About the Author - Richard Nixon

Richard Milhous Nixon (January 9, 1913 – April 22, 1994) was the 37th president of the United States, serving from 1969 to 1974. He was a member of the Republican Party, a representative and senator from California, and served as the 36th vice president from 1953 to 1961. His five years in the White House saw the end of U.S. involvement in the Vietnam War, détente with the Soviet Union and China, the first manned moon landings, and the establishment of the Environmental Protection Agency. Nixon...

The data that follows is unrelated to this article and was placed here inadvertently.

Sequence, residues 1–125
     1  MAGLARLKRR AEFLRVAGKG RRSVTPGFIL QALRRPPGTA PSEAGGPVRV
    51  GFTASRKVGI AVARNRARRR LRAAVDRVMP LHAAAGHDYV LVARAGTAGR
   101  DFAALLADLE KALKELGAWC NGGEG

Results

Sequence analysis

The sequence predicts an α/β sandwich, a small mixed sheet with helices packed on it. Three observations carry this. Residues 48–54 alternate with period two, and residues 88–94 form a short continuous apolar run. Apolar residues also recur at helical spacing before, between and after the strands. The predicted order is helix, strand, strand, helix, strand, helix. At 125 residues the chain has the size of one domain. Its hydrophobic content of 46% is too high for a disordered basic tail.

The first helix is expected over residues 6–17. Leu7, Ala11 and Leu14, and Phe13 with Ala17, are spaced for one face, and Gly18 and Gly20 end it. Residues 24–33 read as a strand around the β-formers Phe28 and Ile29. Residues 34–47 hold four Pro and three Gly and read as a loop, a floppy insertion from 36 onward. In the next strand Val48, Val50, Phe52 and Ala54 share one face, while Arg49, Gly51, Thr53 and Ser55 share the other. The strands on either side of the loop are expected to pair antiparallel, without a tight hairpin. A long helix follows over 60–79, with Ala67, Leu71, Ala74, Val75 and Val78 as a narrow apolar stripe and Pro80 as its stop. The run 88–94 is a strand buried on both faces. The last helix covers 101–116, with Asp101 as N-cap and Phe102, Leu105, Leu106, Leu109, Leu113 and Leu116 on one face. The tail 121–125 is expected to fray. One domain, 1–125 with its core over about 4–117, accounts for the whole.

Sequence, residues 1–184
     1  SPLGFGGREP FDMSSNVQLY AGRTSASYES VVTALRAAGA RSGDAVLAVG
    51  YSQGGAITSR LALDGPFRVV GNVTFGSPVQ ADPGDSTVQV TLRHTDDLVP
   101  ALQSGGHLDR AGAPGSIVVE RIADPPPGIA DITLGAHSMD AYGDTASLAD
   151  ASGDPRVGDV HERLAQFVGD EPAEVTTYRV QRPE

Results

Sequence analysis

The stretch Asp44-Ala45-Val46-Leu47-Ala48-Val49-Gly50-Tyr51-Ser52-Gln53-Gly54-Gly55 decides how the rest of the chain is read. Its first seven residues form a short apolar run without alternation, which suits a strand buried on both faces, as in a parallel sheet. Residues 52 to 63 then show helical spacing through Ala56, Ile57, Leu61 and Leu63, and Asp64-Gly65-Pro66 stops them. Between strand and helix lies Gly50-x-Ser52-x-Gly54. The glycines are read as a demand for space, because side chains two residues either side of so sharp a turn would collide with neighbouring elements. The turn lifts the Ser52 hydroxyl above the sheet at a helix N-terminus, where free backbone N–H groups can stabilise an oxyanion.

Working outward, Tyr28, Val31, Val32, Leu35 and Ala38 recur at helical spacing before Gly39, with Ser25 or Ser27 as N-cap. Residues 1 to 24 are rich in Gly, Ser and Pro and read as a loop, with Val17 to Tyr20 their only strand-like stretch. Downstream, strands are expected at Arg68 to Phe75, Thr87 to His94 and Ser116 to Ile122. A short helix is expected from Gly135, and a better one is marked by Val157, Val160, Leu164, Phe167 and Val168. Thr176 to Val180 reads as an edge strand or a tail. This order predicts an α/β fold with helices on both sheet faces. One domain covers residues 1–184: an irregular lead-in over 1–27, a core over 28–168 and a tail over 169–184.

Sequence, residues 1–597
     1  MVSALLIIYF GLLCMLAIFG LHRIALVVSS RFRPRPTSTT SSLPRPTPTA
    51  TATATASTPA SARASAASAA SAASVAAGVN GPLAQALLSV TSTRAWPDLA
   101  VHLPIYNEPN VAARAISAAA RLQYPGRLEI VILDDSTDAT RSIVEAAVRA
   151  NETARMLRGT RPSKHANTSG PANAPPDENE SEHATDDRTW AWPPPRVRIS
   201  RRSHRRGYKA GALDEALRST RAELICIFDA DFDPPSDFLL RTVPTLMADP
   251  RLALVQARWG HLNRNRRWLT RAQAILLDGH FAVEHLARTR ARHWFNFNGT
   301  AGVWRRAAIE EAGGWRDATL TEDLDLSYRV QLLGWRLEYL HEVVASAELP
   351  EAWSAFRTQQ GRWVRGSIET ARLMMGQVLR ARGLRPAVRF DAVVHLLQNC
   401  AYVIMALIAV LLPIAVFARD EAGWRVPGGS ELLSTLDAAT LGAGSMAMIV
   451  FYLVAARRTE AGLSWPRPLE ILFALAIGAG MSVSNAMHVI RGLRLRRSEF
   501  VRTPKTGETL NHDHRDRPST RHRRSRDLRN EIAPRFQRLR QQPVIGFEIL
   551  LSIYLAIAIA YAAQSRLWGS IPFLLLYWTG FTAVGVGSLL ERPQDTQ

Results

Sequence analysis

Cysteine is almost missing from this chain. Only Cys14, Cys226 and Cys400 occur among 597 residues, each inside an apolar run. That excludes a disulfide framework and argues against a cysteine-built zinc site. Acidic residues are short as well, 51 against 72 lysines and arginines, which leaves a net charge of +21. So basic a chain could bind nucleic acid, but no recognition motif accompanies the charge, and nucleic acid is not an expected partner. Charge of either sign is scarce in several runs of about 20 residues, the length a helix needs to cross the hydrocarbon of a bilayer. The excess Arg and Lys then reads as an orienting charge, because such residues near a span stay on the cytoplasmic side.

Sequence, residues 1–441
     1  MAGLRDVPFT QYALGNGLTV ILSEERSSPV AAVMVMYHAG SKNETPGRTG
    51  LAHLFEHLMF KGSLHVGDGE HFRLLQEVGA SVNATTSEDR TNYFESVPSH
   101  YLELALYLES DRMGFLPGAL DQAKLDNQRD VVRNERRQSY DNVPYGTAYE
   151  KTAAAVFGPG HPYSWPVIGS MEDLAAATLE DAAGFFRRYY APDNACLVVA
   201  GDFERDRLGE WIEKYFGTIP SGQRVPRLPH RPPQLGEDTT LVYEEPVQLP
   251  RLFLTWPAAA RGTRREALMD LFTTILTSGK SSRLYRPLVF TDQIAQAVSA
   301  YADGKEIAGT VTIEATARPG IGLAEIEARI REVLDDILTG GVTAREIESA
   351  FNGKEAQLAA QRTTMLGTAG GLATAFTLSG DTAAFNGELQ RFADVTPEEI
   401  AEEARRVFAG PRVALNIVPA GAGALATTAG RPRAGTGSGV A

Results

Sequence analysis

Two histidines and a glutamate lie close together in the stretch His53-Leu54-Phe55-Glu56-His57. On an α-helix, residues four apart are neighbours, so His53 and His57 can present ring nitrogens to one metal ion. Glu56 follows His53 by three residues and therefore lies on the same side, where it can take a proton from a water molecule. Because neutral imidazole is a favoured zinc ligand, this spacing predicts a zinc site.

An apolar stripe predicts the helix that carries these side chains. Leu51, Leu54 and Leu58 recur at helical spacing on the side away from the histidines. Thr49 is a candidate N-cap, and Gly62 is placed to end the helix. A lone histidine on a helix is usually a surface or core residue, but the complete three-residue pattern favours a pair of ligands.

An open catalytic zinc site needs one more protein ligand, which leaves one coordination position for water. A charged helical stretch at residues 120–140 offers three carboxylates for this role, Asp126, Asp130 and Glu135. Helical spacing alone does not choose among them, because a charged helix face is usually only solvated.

Richard Milhous Nixon (January 9, 1913 – April 22, 1994) was the 37th president of the United States, serving from 1969 to 1974. He was a member of the Republican Party, a representative and senator from California, and served as the 36th vice president from 1953 to 1961. His five years in the White House saw the end of U.S. involvement in the Vietnam War, détente with the Soviet Union and China, the first manned moon landings, and the establishment of the Environmental Protection Agency. Nixon's second term ended early, when he became the only president to resign from office, following the Watergate scandal. He was born into a poor family of Quakers in a small town in Southern California. He graduated from Duke Law School in 1937, practiced law in California, then moved with his wife Pat to Washington in 1942 to work for the federal government. After active duty in the Naval Reserve during World War II, he was elected to the House of Representatives in 1946. His work on the Alger Hiss Case established his reputation as a leading anti-Communist, which elevated him to national prominence, and in 1950, he was elected to the Senate. Nixon was the running mate of Dwight D. Eisenhower, the Republican Party's presidential nominee in the 1952 election, and served for eight years as the vice president. He ran for president in 1960, narrowly lost to John F. Kennedy, then failed again in a 1962 race for governor of California. In 1968, he made another run for the presidency and was elected, defeating Hubert Humphrey and George Wallace in a close contest. Nixon ended American involvement in Vietnam in 1973, and with it, the military draft, that same year. His visit to China in 1972 eventually led to diplomatic relations between the two nations, and he also then concluded the Anti-Ballistic Missile Treaty with the Soviet Union. His administration incrementally transferred power from the federal government to the states. He imposed wage and price controls for 90 days, enforced desegregation of Southern schools, established the Environmental Protection Agency, and began the War on Cancer. He also presided over the Apollo 11 Moon landing, which signaled the end of the Space Race. He was re-elected with a historic electoral landslide in 1972 when he defeated George McGovern. In his second term, Nixon ordered an airlift to resupply Israeli losses in the Yom Kippur War, a war which led to the oil crisis at home. By late 1973, the Nixon administration’s involvement in the Watergate scandal escalated, costing him most of his political support. On August 9, 1974, facing almost certain impeachment and removal from office, he became the first American president to resign. Afterwards, he was issued a pardon by his successor, Gerald Ford. In 20 years of retirement, Nixon wrote his memoirs and nine other books and undertook many foreign trips, rehabilitating his image into that of an elder statesman and leading expert on foreign affairs. He suffered a debilitating stroke on April 18, 1994, and died four days later at age 81. Surveys of historians and political scientists have ranked Nixon as a below-average president. Evaluations of him have proven complex, as the successes of his presidency have been contrasted with the circumstances of his departure from office.

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